Here are a few facts about breeding of the Asian elephant.
- Type: Mammal
- Diet: Herbivore
- Average life span in the wild: Up to 60 years
- Size: Height at the shoulder, 6.6 to 9.8 ft
- Weight: 2.25 to 5.5 tons
- Group name: Herd
- Protection status: Endangered
- Size relative to a 6-ft man:
There are few available females capable of reproduction. Only about 35 female Asian elephants have given birth in the last 20 years in North America. We have had four successful births at the Endangered Ark Foundation.
They are troublesome as adults, and when in ‘musth’ can be unruly and hard to handle. The Ark facility has specially reinforced pens to house two bull elephants. We currently have 4 male elephants. Our males, however, do not travel after they have come in ‘musth’.
At 22 months it is the longest of any land mammal.
The opening of the female reproductive tract is located on the belly (not under the tail like a cow or horse) and male penises extend completely under the opening in the cow and then curve back into the reproductive tract to complete the breeding process. The elephant pen is designed so that there are no 90 degree angles so that the male may not pin the female in the corner, after breeding the female is then returned to her pen. Attempts to artificially inseminate cows have been largely unsuccessful due to the fact that unlike African elephant semen, Asian elephant semen is not fertile when frozen, making the process extremely difficult.
Calves often weigh 250 – 300 pounds when born. The female Asian elephant is often 6,000 to 8,000 pounds and access to monitor the fetus during development is difficult. There have been no successful caesarean sections performed and manipulation of the fetus in the birth canal is almost impossible.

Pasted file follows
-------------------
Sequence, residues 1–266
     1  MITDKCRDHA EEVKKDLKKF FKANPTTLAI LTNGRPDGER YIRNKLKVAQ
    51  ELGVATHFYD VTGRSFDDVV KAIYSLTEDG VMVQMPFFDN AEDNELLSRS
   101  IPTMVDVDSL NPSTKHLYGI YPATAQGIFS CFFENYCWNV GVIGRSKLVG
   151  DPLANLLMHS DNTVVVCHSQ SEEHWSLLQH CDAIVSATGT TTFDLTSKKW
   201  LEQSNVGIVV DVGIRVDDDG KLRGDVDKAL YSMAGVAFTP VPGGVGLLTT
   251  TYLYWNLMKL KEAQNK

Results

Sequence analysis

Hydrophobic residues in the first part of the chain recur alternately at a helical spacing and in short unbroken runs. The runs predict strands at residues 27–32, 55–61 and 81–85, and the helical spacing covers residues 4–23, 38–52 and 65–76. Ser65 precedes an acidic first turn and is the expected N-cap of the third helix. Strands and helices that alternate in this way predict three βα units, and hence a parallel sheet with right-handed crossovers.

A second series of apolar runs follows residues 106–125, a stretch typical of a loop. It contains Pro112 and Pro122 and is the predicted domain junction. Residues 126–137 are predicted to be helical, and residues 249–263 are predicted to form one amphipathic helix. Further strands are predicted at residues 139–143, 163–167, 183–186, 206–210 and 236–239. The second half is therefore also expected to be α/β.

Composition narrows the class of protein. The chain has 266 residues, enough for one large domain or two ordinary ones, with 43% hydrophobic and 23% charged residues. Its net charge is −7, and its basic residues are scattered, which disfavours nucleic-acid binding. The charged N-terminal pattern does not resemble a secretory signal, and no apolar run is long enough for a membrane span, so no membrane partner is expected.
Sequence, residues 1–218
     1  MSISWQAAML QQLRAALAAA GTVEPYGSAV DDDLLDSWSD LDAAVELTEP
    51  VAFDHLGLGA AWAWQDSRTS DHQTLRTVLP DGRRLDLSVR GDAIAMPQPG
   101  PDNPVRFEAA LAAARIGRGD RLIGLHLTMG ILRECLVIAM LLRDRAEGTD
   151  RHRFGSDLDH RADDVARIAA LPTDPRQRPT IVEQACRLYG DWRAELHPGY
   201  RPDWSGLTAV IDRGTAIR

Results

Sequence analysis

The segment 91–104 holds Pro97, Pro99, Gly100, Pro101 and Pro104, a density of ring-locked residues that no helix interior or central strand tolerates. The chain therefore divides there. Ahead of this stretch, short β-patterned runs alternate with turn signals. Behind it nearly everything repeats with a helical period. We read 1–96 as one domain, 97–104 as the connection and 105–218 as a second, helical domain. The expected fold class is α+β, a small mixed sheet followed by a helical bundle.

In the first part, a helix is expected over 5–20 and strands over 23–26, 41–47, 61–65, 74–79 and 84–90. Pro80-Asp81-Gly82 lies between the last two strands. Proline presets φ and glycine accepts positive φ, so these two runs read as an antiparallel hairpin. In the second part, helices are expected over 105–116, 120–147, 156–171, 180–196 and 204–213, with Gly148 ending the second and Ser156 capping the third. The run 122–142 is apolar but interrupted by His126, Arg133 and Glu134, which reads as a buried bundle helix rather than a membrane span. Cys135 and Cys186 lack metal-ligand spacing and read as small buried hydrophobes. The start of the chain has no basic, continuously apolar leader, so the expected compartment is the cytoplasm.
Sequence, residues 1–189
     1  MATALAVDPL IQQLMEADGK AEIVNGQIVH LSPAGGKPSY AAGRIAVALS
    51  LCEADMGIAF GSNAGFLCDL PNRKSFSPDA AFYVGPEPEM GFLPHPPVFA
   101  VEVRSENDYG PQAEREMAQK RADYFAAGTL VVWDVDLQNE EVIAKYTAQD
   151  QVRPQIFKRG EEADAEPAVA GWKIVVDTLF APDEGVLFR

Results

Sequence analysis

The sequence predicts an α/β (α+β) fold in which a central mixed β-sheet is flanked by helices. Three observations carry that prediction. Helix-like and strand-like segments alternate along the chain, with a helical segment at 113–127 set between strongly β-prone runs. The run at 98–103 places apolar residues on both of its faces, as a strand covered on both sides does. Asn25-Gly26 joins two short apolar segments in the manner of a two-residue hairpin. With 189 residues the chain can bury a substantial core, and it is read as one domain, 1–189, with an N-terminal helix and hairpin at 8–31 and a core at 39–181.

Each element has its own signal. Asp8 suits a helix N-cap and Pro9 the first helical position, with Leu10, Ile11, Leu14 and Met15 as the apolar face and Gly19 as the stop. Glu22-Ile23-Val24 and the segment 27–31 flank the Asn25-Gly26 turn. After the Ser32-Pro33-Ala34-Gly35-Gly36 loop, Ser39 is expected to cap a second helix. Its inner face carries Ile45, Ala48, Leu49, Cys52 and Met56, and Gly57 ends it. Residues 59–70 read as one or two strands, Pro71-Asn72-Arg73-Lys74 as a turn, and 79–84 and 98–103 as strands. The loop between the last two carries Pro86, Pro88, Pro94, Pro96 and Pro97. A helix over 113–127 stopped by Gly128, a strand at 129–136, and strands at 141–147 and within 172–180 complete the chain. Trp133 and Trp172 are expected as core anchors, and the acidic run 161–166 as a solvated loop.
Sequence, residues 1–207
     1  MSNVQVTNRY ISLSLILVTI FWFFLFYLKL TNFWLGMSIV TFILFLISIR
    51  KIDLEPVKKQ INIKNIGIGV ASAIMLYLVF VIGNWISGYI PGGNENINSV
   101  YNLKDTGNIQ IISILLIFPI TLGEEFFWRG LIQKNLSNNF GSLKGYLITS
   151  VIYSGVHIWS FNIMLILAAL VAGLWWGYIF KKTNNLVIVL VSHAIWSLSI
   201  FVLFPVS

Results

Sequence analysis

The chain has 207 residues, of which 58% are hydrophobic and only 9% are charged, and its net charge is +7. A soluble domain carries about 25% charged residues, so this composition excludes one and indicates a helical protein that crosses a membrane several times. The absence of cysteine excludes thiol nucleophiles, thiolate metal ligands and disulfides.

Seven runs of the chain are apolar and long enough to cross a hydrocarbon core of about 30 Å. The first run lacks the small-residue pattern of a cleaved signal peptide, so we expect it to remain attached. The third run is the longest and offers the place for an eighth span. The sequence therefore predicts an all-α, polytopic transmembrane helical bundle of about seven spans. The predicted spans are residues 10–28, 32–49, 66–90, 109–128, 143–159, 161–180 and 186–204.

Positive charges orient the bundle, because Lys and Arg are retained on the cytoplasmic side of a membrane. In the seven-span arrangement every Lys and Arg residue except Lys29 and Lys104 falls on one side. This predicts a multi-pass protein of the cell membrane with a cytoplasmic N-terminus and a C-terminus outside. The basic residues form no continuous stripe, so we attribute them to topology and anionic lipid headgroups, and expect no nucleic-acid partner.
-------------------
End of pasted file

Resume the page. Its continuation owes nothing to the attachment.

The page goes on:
Female elephants that have never calved don’t understand what is happening. First time mothers need extra help and time to adjust to the baby after birth. This situation is complicated by the low numbers of births among Asian elephant populations in North America who have little experience with the birthing process.
Males are tested to see if they are capable of reproduction. Not all male elephants are potential fathers. Many females are incapable of becoming pregnant after their late 20′s if they have not been pregnant previously. It is not uncommon in elephant herds for a mother to hand over a youngster after weaning to an aunt or close female to look after, giving the mother some freedom after a long pregnancy and many months of nurturing her baby.
A female elephant comes into cycle three times per year for approximately 3 days and then is receptive for only 72 hours; blood has to be drawn every week to know exactly when the elephant comes into cycle. Knowing exactly when to put females with the males is not an exact science.
The International CITIES Treaty, adopted by Congress in 1976, in an effort to maintain and protect endangered populations in ancestral habitats, prohibits the removal of Asian elephants and other endangered species from the wild and their importation into the United States. The stresses on habitat and space, poaching and unregulated hunting have severely limited the ability of native populations to maintain enough genetic diversity to survive. In the year 2000, there were 285 elephants in North America. Of these, only 35 are breeding females and many of these animals will no longer be able to breed due to advancing age. It is one of the unintended consequences of the CITIES Treaty that elephant populations in the West are limited in their ability to become self-sustaining.
Our learning curve is steep and we are becoming better at assisting in the process. The knowledge gained in elephant reproduction in the last 15 years is greater than in the previous 150 years. We are continuously working to improve elephant welfare. To this end, DR & Isla Miller started the Endangered Ark Foundation in 1993 to help preserve the endangered Asian elephant species.